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« Driven to Distraction | Main | Heavenly Balance »

February 10, 2009


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all great powers act according to the same logic regardless of their culture, political system, or who runs the government.

I don't think your counterexamples are all that effective: Mearsheimer would probably argue that the backstory you're relying on is only important insofar as it changes their relative power. The realists aren't arguing that internal history is irrelevant to state power, but to their external use of that power.

It's the reason why the US and USSR both developed empires and enforced them with military might and economic coercion; it's the reason why Japan, Italy and Germany developed similar expansionist policies in the early 20c. At least that's the story the "realists" tell.

I'm not a realist, mind you. I'm a starry-eyed cynic.

I was thinking about it some more, and the best counter-example I can think of would be post-war Japan: though economically, there's no reason why it couldn't be a regional power, even a world-class one. Their military is one of the best equipped and best funded in the world. But their Constitution, and public opinion, has kept their politicians from actually acting in anything like a realist fashion. So far, anyway.

Yes, postwar Japan gives realists fits. But I would also stand by the other counterexamples I give. Hui engages realist theories directly and does a great job in illustrating how Qin, especially the internal political-administrative reforms (e.g. creating xian [counties]), requires that we move deeper than structural realists do, if we are to understand dynamics of national power that can have international effects of historic import. And I think that is a story similar to Meiji Japan. This may seem obvious, but structural realists really do deflect attention away from internal political-economic factors when they tell us to look at states as "billiard balls."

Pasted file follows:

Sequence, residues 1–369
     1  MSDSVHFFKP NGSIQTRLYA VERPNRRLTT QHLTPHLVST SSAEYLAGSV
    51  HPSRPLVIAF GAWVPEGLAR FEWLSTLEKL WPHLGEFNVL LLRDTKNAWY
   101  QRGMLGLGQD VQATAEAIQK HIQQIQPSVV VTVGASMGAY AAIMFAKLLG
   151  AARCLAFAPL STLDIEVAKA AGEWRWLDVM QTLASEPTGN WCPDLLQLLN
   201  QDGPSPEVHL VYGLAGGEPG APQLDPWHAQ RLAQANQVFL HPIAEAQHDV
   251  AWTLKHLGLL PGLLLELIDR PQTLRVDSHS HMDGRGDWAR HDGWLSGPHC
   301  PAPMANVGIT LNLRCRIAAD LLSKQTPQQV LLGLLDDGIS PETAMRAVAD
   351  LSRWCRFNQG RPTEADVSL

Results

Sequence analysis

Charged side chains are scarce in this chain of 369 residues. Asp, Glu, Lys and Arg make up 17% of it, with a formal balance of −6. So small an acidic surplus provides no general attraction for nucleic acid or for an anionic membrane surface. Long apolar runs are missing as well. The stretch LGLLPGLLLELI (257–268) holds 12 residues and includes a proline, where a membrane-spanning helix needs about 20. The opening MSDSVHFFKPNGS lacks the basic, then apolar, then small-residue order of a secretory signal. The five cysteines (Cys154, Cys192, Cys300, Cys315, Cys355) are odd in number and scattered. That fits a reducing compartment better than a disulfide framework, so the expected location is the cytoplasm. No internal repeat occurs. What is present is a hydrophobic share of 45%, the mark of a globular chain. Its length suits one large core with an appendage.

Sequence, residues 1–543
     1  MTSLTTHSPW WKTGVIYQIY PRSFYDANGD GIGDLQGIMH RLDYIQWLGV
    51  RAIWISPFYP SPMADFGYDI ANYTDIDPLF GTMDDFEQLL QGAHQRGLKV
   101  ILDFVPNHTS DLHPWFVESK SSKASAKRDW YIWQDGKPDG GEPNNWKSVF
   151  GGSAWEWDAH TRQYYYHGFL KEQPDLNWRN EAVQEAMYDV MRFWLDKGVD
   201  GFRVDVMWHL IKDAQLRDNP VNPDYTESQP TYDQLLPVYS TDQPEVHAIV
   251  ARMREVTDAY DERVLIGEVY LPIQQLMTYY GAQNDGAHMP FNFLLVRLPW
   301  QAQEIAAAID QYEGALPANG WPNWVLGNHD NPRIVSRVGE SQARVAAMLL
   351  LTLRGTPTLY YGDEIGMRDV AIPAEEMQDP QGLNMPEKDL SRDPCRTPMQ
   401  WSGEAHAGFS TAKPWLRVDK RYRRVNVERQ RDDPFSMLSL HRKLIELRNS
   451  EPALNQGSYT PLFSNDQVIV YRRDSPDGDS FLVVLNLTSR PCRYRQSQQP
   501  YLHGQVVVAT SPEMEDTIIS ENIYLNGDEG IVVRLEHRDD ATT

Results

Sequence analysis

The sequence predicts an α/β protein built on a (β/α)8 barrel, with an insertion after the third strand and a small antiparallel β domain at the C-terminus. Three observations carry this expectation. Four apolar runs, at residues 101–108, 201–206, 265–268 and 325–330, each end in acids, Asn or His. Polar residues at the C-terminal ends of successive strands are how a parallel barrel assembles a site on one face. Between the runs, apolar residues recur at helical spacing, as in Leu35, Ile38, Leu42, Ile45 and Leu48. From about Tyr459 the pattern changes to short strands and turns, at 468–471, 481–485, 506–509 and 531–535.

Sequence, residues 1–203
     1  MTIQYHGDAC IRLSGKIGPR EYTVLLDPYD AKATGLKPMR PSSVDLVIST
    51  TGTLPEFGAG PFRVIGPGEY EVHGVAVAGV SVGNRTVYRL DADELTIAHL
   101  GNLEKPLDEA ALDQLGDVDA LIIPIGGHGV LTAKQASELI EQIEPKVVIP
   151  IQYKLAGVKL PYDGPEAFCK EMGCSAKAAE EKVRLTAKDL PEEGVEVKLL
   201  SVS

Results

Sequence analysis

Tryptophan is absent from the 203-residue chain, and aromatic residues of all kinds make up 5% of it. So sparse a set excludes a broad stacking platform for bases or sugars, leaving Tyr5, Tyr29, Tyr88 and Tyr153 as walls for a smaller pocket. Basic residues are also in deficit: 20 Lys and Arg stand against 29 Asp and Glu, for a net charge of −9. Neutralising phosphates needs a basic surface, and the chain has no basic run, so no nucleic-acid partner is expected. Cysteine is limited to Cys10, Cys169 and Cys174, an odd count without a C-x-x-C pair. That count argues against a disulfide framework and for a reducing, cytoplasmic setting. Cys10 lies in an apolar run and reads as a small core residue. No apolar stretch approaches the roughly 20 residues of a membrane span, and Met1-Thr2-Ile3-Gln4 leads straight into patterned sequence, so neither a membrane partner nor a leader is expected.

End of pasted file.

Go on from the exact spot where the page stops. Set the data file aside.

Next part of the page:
solid post

and yes I agree whole heartedly with the entire post. excellent

As mark Twain once said History never repeats it rhymes...

Sadly I suspect our times rhyme with the Warring States more than I would wish...

But one difference is due to accelerated nature of communication and ability to shift resources, I think our own times will see a much faster pulling together of power.

But here is a question for you Sam... When did our own warring states time period begin? Are we in this since Queen Victoria for instance when the sun never set on the English empire, did it begin with WWI and WWII did it begin when Eisenhower declare the industrial - military complex to be feared... did it begin after the civil war when the constitution changed allowing coporations to create a form of citizenship that we are still today trying to come to grips with? Perhaps we are already 150 years into our own warring states period.

SO instead of the families Zhi , Wei, Zhao , Han (or clans etc) we have Exxon, Citi Bank and others likewise in an economic war they are consolidating power right now.

I mean do we have a warring states period within a warring states period... As nations squabble, the inner war of corporate power continues to consolidate

SO many ways to spin this and until its after and done and historians sort it out we wont know which way this all rhymes with history, and they will look back and ask.. how could they not know?

while we in the now who did suspect, walked away to let to happen since "people are people" and the politics like rain falls

anyways I ramble since in my mind its all poetry of human nature and i prefer to stay next to my water fall in the back yard as it rhymes on out.

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